Can the Sixers manage without Simmons? 

Again, the lack of a timeline looms large here. We can say without question that the Sixers are 6-5 this season without Simmons and don’t have direct replacements for his elite defense, transition talents, creative passing and more.

It’s also logical that the Sixers will rely on Embiid defensively and feed him frequently in the post. His 34.4 percent usage rate so far in Florida may very well rise. 

“Offensively, he needs to get as many touches as we can get him,” Brown said. “And I think that one of the areas of most noticeable growth … is what he’s been doing passing out of the post. It’s maybe the single thing that stands out most to me offensively when you look at whether it’s Jo, or just us as a team — I like our post spacing.

“I like Jo’s unselfishness quarterbacking the gym. His ability to read where the double teams are coming from I think has been shown.”

Thybulle, Richardson, and perhaps Robinson when healthy could assume challenging defensive assignments that otherwise would have been Simmons’. Players like Harris and Korkmaz will miss Simmons’ ability to drive and set up three-pointers. 

Initially, the Sixers are coming to terms with the situation and hoping the injury doesn’t dent their playoff hopes.

“There’s a lot of moving parts right now and really we're all coming to grips with the news that we’ve received,” Brown said. 

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Sixers injury update: Ben Simmons has subluxation in left patella

Sixers injury update: Ben Simmons has subluxation in left patella

Updated: 8:37 p.m.

The injury Ben Simmons sustained in the Sixers' win Wednesday night over the Wizards is a subluxation of the left patella. He's out for the team's game Friday night against the Magic and treatment options are being considered.

Simmons exited Wednesday's game in the third quarter after throwing a pass for Al Horford. He immediately flexed his left knee and headed to the locker room.

Brett Brown was not prepared to give a timeline for how long Simmons will be sidelined.

"Some of the information is fluid, it’s still moving," he said Thursday. "In relation to saying any type of deadline, timeline, playoff, whatever, I’m not in a position to offer anything. Not because we don’t want to, but stuff is still being evaluated. What I do know — it’s boring, but we play Orlando tomorrow and we don’t have him. That’s kind of all I know at this point.”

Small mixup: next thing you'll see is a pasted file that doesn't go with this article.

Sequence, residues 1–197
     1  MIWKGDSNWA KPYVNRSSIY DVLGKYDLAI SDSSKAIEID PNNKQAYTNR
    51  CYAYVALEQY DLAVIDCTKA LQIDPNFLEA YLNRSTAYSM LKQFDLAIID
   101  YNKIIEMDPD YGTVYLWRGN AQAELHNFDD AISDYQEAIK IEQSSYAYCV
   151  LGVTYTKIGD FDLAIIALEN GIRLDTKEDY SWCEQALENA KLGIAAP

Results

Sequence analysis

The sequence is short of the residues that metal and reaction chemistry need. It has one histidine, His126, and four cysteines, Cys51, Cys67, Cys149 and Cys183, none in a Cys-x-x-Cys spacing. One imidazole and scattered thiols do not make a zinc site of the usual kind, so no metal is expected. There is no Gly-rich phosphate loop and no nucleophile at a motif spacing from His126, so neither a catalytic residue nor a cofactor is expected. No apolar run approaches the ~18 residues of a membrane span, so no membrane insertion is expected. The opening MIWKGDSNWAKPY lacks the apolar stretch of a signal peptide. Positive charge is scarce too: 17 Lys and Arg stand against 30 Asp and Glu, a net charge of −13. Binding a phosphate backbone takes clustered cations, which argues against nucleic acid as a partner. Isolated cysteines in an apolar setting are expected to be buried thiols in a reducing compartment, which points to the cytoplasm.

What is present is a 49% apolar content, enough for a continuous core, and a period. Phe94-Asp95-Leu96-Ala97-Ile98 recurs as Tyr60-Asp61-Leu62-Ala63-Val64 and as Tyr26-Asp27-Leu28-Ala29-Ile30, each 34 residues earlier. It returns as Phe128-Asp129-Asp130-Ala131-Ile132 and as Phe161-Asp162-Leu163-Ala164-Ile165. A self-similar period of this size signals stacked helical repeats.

The 24-year-old Simmons made his second All-Star team this season and has averaged 16.4 points, 8.0 assists and 7.8 rebounds. The Sixers shifted him to power forward in their new starting lineup, and he was open to the change.

"You've just gotta work with different things,” he said on July 14. “You’ve gotta try different things out, see if they work. We’re not at a stage where we can be comfortable yet. I’m still trying to figure it out myself ... what feels comfortable, what’s right for this team and how we’re gonna win. 

“If it’s this way, then I’m all for it. I’ve been having fun in that position — whatever you guys say, the four — whatever it is. But at the end of the day, when you see me I’m on the floor, I’m making plays."

He'd missed the Sixers' final eight games before the NBA's hiatus with a nerve impingement in his lower back but recovered from that injury and said he felt explosive heading into the restart. 

Without Simmons, Brown will have a few options to replace Simmons in the starting lineup, including original starting power forward Al Horford and wings Matisse Thybulle and Furkan Korkmaz.

Brown said he spoke with Simmons and Sixers medical director Scott Epsley on Wednesday night during a team dinner.

"There is clearly disappointment," Brown said, "because I don’t know if anybody really understood what he did to get ready to play basketball again. He really invested time, he really was diligent during the whole pandemic about recovery and rehab and strength and conditioning. ... And so I feel like there is certainly some disappointment, I think (there’s) the uncertainty of what really is it right now, is obviously there.

"But he’s a great teammate and his teammates care about him, and I think more will unfold, I suspect, in the next 24 hours where we can maybe provide more information.”

In other injury news, Mike Scott (right knee soreness) is questionable for Friday's game and Glenn Robinson III (left hip pointer) is doubtful. Both participate in the Sixers' practice Thursday after missing the team's first three seeding games.